Referring now to FIG. 1, there is shown a perspective, plan view of a preferred embodiment of a laminated cleansing towel system 10 according to the present invention. As shown therein, cleansing system 10 is, generally, rectilinear in shape. Of course, other shapes are also contemplated. The system 10 includes an outer towel 50, an inner towel 52 and an impermeable layer 51. The towels 50 and 52 can be of any suitable material such as, but not limited to, terry cloth. The impermeable layer 51 can be of any suitable material such as, but not limited to, a thin layer of polyethylene, rubber or the like. The three layers 50, 51 and 52 are joined together by stitching, adhesives, sonic welding or the like. This joinder should be quite secure, but should not produce any abrasive areas at the surfaces of either of the towels.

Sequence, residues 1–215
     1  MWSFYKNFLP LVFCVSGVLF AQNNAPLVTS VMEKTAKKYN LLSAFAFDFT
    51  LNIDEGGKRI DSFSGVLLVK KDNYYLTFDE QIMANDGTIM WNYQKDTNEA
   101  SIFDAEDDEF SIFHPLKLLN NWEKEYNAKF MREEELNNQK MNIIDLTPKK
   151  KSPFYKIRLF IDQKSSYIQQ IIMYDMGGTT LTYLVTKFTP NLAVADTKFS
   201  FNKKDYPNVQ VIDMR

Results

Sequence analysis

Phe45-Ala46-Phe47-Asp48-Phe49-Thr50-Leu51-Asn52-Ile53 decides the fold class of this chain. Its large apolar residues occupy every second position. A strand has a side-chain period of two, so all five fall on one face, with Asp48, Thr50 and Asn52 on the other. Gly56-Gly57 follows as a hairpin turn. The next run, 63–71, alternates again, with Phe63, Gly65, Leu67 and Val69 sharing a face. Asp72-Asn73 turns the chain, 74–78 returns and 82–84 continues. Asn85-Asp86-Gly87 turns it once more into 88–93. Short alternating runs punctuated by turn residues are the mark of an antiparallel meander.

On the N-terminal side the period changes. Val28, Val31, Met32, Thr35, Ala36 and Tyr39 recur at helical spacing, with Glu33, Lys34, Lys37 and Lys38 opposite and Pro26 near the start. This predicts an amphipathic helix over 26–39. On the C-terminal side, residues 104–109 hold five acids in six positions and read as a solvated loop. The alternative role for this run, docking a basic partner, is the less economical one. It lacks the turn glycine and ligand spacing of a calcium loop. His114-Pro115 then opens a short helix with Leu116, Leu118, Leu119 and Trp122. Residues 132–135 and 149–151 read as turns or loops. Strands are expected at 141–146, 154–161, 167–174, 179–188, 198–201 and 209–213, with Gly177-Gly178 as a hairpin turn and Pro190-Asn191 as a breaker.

As shown, the towel 50 and layer 51 are of about the same width. In the embodiment shown, towel 50 is approximately twice as long as the layer 51. However, it is contemplated that the extended portion 50A of towel 50 can be omitted in some embodiments, if so desired.
In addition, the towel 52 is smaller than layer 51, in both width and length. Thus, a border 14 is formed around the layer 51. This border is used to seal the towel 52 within the impermeable layer 51 after the system 10 is folded over at the fold line indicated by dashed line 12.
As shown in FIG. 1, the extended portion 50A of layer 50 includes a suitable fastener 53. This fastener can be, for example, one component of a typical hook and loop fastener, frequently sold under the trademark VELCRO.
A mating fastener component 54 can be placed near the far edge of layer 51. Thus, the fastener components 53 and 54 can be selectively joined together whereby extended portion 50A effectively covers the surface of towel 52. This arrangement can provide an uncontaminated surface over towel 52, if desired, during a drying operation as described infra.
In addition, another fastener component (shown in phantom outline) can be placed on the undersurface of towel 50 to interconnect with fastener component 53. This arrangement can be used to secure flap 50A to the system in the folded condition described hereinafter. Of course, the flap 50A can be omitted, if so desired.